“The Futures of South-South Comparison: Theorizing Emergent Zones of Exchange” is a roundtable discussion that will take place at the 2014 MLA Annual Convention (Chicago, IL; January 9–12; date and time TBA).
Participants include: Joseph Slaughter (Columbia), Kerry Bystrom (Bard-ECLA), Jaime Hanneken (U of Minnesota), Leigh Anne Duck (U of Mississippi), Robert Colson (Brigham Young U), Laurie Lambert (UC Davies), Nienke Boer (NYU), and Magalí Armillas-Tiseyra (U of Mississippi); for detailed information about the participants, please see the “About” page.
Description of the Session
Several of the key critical turns of the last 30 years, including the rise of postcolonial criticism, diaspora studies, and the transnational turn, depend on the critic’s ability to move between different settings; that is: on the critic’s capacity to compare diverse texts and contexts. Comparison is also implicit (to varying degrees) in such large-scale literary and politico-geographical frameworks as World Literature or the Global South, as well as in their more distant cousins Commonwealth Literature and the Third World. The extension of comparison beyond the disciplinary confines of Comparative Literature—and in particular the discipline of Comparative Literature as it took root in the American academy in the second half of the twentieth century—has given rise to critical conversations not just about Comparative Literature in the disciplinary sense (Gayatri Chakravorty Spivak’s Death of a Discipline  is an exemplary text in this regard) but about the epistemological, theoretical, and political implications of comparison, particularly as it moves out of a European frame. More recently, the potential and pitfalls of comparison have been explored in a special issue of New Literary History edited by Rita Felski and Susan Stanford Friedman, titled: “Why Compare?” (40.3; Summer 2009), and then re-examined by Friedman in a piece titled “Why Not Compare?” for the PMLA(126.3; May 2011), in which she concludes: “in the end it is worse not to compare than to compare” (756). Such concurrent concerns about and appeals to comparison have also lately surfaced in the debate about the state of postcolonial studies in NLH (43.1 [Winter 2012] and 43.2 [Spring 2012]), where historical and geographical comparisons are used to argue for the broader utility of postcolonialism as a critical framework.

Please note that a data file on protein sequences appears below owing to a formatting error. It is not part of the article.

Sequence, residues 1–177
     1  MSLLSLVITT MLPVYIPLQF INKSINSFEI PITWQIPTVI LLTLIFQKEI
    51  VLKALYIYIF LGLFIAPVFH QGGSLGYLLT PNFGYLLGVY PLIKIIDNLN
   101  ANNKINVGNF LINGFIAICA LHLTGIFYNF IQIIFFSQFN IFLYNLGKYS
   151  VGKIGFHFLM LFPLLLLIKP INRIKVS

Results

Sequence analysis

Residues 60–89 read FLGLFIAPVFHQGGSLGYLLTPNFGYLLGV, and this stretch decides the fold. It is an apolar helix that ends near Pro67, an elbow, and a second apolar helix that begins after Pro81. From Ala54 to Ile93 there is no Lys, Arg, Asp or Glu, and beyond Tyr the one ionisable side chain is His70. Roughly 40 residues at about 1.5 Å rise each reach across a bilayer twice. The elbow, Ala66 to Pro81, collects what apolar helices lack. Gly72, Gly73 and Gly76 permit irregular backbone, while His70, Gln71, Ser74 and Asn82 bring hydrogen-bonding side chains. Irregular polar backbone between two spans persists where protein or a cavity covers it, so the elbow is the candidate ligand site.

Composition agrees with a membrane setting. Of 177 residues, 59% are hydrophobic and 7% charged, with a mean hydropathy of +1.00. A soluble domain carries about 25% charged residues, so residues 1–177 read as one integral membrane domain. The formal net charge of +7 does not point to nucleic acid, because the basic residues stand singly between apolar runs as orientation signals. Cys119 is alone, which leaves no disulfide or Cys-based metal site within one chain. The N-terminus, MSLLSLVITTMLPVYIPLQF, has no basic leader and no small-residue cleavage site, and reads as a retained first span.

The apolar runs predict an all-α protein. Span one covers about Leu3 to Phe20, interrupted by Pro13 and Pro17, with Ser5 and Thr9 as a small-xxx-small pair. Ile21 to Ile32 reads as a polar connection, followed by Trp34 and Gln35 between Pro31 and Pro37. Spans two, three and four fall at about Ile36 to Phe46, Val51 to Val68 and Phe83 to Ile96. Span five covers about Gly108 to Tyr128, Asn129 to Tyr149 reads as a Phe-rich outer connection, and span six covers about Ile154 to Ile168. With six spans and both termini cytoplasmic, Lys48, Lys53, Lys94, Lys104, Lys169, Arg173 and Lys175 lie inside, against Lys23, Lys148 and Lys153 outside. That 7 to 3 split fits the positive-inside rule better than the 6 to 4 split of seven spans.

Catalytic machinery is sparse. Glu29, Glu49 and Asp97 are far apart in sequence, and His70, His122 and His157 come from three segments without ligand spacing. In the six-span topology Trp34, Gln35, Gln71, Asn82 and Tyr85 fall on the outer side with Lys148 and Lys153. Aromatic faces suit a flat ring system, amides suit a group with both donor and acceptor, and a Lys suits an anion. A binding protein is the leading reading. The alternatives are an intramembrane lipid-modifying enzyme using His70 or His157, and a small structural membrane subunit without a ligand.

With these antecedents in mind, this roundtable will explore the methodological, theoretical, and political implications of comparison the global South. In so doing, it aims to bring new light to these debates, precisely by addressing them from the perspective of scholars working on south-south comparisons, which only occasionally appear at the very outskirts of the larger conversation about comparison. Taking the specificity of our respective subject areas into account, the participants will ask: what are the conditions of possibility and impossibility for south-south comparisons? Must comparison limit itself to tracing material histories of exchange, such as the Middle Passage, or can it open itself to less concrete “resemblances”? How do we account for these more abstract axes of comparison? How far can the logic of analogy be pushed? What are the theoretical and political pitfalls—as well as potential—of attempting to establish equivalence? With the conference theme in mind: how do we attend to the particular vulnerabilities of texts from the margins, as well as the hierarchies that surface between different locations in the global South? Does a south-south perspective, ultimately, escape the pitfalls of comparison?
In turning to these questions, this roundtable brings together two emergent conversations: first, the theorization of comparison in our current moment and, second, the emerging field of south-south studies exhibited in such recent panels as “Thinking the South Atlantic: Africa-Latin America Exchanges” (2013 MLA Annual Convention), organized by Kerry Bystrom and “The Global South Atlantic” (2013 ACLA Annual Meeting) organized by Bystrom with Joseph Slaughter. Each of the participants is currently working on a project that explores multiple locations in the global South. They are also at different stages of their scholarly careers—the intent here is to showcase a variety of approaches to the practice of comparison. We will begin this roundtable by asking each of the participants to briefly (approx. 5 minutes) theorize the role of comparison in their respective projects and to suggest an answer to our central question: what does comparison look like from a south-south perspective?